While the racking inspection training course which we offer is by no means simple, passing the SEMA course to become a SEMA approved inspector is much more difficult. As previously mentioned, inspections from SEMA approved racking inspectors are recommended by HSE and the reason for this is SEMA’s rigid standards.

How Do You Become a SEMA Approved Inspector? Attend the SEMA Approved Racking Inspector Course

Before a person can even begin training for their SEMA approved inspector qualification, they need to complete an initial assessment as a pre-course qualifier. Only when this has been completed can they move on to the next stage, which requires candidates to “complete a specially designed intensive course, written examination and practical assessment”.

The intensive course lasts three days and the practical assessment is observed by people who expect excellent inspection technique, accurate damage assessment and concise reporting. Due to SEMA’s standards, the failure rate for this examination is high and as of 2017, there are only 107 registered SEMA approved racking inspectors in the world.

And we do mean “in the world”. The SEMA approved racking inspection course has a reputation across the globe. That’s why there are SEMA approved racking inspectors in Ireland, Spain, Poland, Finland, the UAE, Singapore, and China.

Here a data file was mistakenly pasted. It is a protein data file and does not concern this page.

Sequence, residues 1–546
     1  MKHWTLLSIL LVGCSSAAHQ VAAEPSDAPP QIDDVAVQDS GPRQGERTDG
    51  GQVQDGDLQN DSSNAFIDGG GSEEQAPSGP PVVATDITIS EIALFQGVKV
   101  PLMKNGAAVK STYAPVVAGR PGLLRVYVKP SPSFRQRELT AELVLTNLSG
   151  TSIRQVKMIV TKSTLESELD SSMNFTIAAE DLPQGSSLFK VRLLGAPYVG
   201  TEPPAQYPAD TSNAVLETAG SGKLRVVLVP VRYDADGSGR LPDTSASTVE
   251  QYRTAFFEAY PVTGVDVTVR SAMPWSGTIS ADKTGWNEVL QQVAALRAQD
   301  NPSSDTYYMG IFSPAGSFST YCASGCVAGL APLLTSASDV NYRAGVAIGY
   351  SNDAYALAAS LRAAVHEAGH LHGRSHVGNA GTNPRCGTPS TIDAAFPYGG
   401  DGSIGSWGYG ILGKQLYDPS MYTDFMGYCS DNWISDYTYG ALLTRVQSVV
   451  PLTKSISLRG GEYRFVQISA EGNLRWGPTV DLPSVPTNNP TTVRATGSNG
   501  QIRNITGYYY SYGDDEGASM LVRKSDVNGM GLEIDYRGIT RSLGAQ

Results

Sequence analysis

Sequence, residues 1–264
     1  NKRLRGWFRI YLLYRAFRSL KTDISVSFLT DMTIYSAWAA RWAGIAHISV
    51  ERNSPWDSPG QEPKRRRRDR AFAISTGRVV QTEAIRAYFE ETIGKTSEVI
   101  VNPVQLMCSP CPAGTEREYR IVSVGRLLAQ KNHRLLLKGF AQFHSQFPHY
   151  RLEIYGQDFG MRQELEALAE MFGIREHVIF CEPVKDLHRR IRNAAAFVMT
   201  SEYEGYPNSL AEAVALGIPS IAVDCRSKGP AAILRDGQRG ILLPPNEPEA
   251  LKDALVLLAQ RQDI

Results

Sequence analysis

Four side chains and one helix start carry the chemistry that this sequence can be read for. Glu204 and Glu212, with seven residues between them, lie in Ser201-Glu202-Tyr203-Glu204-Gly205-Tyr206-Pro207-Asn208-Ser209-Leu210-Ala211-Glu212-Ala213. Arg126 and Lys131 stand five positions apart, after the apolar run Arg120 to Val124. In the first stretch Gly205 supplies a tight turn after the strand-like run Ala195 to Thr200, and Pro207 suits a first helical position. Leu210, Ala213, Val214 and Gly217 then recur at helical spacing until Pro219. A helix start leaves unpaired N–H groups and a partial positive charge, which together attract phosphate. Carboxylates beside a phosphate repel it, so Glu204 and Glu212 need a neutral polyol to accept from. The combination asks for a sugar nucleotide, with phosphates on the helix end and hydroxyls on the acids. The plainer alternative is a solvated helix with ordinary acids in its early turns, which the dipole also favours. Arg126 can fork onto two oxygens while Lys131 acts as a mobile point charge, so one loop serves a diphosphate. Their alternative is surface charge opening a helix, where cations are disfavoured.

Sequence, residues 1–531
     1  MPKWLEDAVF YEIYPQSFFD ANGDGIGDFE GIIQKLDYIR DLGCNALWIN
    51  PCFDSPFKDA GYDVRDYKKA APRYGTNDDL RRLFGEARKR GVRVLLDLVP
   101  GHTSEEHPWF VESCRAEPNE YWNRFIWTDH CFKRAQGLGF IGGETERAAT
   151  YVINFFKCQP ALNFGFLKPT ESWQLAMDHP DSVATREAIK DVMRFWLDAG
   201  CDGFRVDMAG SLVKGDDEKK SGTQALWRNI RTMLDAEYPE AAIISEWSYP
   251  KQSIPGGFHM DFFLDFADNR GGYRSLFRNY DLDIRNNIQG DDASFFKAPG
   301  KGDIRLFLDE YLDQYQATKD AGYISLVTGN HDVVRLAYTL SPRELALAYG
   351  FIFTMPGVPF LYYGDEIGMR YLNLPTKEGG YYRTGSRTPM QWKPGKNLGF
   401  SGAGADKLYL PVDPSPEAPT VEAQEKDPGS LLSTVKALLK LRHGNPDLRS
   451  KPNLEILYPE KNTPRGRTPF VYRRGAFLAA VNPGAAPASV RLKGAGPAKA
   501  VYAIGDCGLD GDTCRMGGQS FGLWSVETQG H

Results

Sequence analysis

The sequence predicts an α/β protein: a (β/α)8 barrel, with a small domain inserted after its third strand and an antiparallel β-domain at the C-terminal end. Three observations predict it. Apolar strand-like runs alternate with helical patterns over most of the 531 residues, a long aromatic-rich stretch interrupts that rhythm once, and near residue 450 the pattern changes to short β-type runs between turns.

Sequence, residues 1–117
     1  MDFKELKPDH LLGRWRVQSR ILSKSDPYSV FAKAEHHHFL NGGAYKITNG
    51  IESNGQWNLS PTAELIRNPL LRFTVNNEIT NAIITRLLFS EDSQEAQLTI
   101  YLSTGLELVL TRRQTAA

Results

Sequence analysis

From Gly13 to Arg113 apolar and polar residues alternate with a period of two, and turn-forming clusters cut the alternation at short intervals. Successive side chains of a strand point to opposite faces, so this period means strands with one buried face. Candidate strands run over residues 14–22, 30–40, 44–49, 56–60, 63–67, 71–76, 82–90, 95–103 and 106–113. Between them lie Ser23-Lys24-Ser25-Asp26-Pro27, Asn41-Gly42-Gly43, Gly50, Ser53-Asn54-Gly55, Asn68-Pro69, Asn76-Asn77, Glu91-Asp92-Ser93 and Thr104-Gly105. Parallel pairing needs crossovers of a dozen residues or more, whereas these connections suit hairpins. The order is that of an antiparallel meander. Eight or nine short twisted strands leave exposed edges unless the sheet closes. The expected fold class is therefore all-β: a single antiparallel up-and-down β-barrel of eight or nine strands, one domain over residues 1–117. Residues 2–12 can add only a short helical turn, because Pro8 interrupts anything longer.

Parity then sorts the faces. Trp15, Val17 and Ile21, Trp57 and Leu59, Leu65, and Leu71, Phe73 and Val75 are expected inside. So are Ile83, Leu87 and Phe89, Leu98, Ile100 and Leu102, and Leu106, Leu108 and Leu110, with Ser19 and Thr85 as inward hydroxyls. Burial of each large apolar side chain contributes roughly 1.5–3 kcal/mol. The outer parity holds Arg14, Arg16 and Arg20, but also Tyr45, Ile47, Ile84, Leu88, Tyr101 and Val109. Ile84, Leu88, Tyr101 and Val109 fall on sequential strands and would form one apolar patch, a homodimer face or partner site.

Most people who gain their SEMA approved inspector qualification are listed as an “adjustable pallet racking inspector” by SEMA. This is because most storage systems are some kind of pallet racking system — but not all of them.

Cantilever racking is becoming a more and more popular form of warehouse storage. As it is so different from pallet racking, SEMA offers a separate extension course on cantilever racking. Only 36 SEMA approved inspectors in the world are qualified SEMA approved pallet racking inspectors and SEMA approved cantilever racking inspectors.

One of those 36 SEMA approved inspectors works right here at Storage Equipment Experts.

How Do You Remain a SEMA Approved Racking Inspector? Remain Committed to Racking Safety

Being a SEMA approved racking inspector is an “ongoing commitment”. SEMA approved racking inspectors are expected to maintain their standards and their knowledge. To do this, SEMA approved inspectors need to be sure they are inspecting racking on a regular basis. Moreover, they should be attending SEMA meetings and seminars, completing any extra relevant courses available and imparting their knowledge to others.

At Storage Equipment Experts, we believe in all of these things. Our belief in imparting knowledge is why we have written articles for a wide variety of publications (both national and international), as well as this blog. We do this to ensure that we impart as much of our knowledge as possible to the warehousing, logistics and construction community. Knowledge is power — and we are firm believers in giving others that power, too.

What Kind of Person is a SEMA Approved Inspector?